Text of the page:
Guarding over my children: Tips for parents if tragedy strikes

A couple holding hands. Scott Olson/The Canadian Press

If you were to die today, who would take care of your kids?

It’s a tough but important question to answer. And avoiding it can actually make the situation worse. To help, we’ve broken down the steps:


If you were to die without naming a guardian, the court decides who takes care of your minor children.

Generally, the other biological parent will be named. But that is not always a guarantee, such as if they are deemed unfit. And if there is any question over the matter, it could wind up in a protracted court battle.

“You don’t want to make people guess and fight about your wishes, you want to make it known what they are,” said Chas Rampenthal, general counsel for LegalZoom.

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Make a list of any possibilities – don’t limit yourself to family, consider friends as well.

If there is already some disagreement among a couple on this issue, try making separate lists first. You may even find some overlap in your choices.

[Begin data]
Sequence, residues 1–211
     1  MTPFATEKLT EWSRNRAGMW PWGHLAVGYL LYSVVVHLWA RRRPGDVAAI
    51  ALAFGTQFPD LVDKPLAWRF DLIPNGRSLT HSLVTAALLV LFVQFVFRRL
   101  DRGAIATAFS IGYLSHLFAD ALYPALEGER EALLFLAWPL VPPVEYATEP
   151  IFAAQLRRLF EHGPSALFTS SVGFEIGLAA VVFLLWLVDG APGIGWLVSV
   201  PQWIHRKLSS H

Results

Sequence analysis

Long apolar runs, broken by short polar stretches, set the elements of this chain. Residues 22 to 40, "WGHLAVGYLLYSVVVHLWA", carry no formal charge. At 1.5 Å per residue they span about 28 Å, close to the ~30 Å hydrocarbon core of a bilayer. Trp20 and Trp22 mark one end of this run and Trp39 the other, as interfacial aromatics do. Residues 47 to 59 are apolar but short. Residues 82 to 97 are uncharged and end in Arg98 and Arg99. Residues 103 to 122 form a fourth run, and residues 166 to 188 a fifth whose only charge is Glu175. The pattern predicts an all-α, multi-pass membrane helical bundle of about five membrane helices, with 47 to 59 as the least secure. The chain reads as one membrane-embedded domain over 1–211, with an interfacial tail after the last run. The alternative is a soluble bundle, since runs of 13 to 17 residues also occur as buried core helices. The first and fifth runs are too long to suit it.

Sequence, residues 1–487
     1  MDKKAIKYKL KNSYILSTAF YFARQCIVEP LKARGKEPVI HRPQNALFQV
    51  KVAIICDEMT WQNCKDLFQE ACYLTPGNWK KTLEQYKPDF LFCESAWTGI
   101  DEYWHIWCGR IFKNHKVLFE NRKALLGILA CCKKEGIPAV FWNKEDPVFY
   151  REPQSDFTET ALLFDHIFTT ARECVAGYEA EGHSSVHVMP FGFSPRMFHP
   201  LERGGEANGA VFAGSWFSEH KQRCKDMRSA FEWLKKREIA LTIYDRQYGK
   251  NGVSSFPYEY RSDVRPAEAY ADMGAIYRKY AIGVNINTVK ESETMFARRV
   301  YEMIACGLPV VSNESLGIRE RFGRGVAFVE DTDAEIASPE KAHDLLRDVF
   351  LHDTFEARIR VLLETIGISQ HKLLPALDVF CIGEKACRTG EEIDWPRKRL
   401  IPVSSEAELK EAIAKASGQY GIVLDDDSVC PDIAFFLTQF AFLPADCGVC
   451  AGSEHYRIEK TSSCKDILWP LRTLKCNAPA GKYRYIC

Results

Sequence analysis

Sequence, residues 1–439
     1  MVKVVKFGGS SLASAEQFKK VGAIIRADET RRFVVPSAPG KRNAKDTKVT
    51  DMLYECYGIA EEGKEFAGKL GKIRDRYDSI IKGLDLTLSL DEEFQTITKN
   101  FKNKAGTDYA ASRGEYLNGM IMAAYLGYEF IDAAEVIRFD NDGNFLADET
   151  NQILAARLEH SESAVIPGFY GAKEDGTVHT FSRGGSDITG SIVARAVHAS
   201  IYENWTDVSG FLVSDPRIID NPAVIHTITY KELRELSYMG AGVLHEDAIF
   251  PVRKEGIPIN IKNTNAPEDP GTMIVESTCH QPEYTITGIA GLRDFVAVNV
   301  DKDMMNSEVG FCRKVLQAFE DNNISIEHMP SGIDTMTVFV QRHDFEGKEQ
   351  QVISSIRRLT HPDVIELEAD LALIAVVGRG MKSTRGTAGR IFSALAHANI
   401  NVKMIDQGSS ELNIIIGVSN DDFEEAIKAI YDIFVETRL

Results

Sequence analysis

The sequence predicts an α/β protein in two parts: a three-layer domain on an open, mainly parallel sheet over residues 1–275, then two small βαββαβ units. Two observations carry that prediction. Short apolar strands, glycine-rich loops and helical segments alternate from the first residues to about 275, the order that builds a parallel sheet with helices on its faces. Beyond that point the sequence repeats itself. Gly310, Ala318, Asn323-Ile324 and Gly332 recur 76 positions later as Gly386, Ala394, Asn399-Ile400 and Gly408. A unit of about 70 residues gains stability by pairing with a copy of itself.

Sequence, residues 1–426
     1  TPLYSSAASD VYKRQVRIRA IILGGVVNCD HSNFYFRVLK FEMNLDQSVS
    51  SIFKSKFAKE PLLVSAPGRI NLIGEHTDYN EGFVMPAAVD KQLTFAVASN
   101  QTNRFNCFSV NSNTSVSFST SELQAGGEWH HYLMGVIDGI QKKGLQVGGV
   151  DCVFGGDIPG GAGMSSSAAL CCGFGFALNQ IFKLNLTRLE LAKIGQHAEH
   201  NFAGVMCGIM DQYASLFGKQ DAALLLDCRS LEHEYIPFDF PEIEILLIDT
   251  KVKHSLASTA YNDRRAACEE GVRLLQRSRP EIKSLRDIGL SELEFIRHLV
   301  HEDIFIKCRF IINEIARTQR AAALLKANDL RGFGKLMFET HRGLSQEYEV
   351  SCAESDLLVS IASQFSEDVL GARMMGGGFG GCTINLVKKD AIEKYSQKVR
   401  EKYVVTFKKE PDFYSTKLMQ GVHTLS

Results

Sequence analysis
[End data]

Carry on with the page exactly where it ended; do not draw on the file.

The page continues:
Narrow the list based on the emotional and practical needs of your child.

There are many issues to consider: Who does my child know? Does this person love them? Will they have to change schools? Can they physically care for them? Do they have the financial means to care for them? If you have multiple children, can they take them all?

This person is going to serve as parent, making decisions about your child’s health, education and overall well-being. Think very clearly about how you want your child raised and what values you want reflected for them.

Rampenthal suggests making a second list: not of people, but attributes you want and ranking them to ease the process.

“The most important thing is: who do you want taking care of your child?” said Raphael Vrenassal, head of attorney services at Rocket Lawyer. “What is the easiest transition for the child? The death of a parent is traumatic, you want a guardian who can guide them through this and there won’t be additional shock.”

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Talk it over with potential guardians. Are they willing? Discuss how you want your child raised and why you selected them. And be prepared to talk about finances too.

They may say yes or they may say no – be prepared for either outcome.


Create a will or other legal document that names the guardian.

While you don’t have to have a lawyer, they can help navigate any complexities, Vrenassal said. He also suggests naming at least two alternatives in addition to the other parent. That protects you should one of your guardians change their mind or be unable to do so.

And remember to revisit your will regularly and update as needed.

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